In the quest to squelch malaria, biotechnologists have sketched plans to introduce a gene into mosquitoes that would confer resistance to the malaria parasite, Plasmodium falciparum, which the insects transmit between people. Now it seems that nature may have beat researchers to the punch. A group collected thousands of Anopheles gambiae mosquitoes from huts in Mali and let some of their offspring feed on blood from an infected villager. Of 101 different pedigrees, a surprising 22 showed no trace of Plasmodium on dissection, reports the group in the April 28 Science. The resistance appears to stem from a gene or genes on a small patch of chromosome the researchers have dubbed the Plasmodium resistance island. Lead author Kenneth Vernick of the University of Minnesota speculates that another strategy to combat malaria might be to selectively target bugs carrying the susceptibility gene variant, perhaps with a recently discovered lethal fungus that appears to prefer Plasmodium-ridden mosquitoes.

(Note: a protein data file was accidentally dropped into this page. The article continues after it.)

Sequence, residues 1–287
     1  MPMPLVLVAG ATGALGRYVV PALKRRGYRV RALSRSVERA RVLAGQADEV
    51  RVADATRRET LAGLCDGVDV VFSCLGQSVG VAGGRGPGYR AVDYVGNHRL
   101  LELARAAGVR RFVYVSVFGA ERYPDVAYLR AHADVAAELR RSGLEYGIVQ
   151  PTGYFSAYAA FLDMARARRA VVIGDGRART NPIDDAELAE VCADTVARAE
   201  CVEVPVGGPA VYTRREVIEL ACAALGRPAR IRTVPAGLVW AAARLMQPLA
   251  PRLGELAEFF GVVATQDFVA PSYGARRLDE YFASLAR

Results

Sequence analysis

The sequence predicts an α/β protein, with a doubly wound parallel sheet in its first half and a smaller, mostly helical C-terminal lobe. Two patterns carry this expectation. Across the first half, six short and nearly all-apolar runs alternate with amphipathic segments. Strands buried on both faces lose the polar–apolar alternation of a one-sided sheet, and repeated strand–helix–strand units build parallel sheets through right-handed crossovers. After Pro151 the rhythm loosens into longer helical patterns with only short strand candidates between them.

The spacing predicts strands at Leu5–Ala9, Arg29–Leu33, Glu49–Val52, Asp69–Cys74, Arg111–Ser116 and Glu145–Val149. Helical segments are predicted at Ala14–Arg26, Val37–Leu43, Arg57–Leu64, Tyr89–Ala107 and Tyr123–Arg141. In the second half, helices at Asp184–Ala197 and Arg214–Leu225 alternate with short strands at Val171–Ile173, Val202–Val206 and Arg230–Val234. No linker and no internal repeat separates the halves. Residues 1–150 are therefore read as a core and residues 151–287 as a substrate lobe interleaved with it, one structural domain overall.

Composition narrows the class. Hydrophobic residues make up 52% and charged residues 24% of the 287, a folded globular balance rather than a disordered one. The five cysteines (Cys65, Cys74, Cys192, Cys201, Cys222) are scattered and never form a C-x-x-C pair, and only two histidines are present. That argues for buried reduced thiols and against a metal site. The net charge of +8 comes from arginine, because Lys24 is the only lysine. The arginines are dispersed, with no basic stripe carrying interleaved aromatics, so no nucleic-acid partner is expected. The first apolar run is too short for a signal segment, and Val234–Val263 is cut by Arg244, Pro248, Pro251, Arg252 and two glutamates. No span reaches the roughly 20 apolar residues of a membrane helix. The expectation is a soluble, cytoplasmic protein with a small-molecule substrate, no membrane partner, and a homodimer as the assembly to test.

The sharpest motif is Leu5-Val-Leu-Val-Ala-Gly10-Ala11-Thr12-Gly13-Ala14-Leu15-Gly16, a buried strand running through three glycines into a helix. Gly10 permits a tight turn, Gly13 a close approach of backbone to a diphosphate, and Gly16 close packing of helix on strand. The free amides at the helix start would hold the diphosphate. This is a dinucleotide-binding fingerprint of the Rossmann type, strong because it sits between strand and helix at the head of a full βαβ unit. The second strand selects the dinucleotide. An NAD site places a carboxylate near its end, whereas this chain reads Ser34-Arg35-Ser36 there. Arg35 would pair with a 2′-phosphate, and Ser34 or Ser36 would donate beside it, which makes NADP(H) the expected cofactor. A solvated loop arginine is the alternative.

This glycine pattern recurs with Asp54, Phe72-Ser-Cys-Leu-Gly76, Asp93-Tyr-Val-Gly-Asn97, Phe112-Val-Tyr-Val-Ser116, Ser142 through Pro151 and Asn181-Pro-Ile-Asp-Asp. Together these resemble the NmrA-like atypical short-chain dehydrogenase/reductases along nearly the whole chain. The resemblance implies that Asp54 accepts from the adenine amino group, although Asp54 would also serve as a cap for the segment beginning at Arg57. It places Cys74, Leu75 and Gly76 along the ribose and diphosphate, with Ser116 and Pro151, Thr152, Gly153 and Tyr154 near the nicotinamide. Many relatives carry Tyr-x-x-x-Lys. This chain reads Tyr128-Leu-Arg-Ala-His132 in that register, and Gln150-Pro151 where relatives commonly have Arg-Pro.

This article was originally published with the title "Island of Resistance" in Scientific American 295, 1, 33 (July 2006)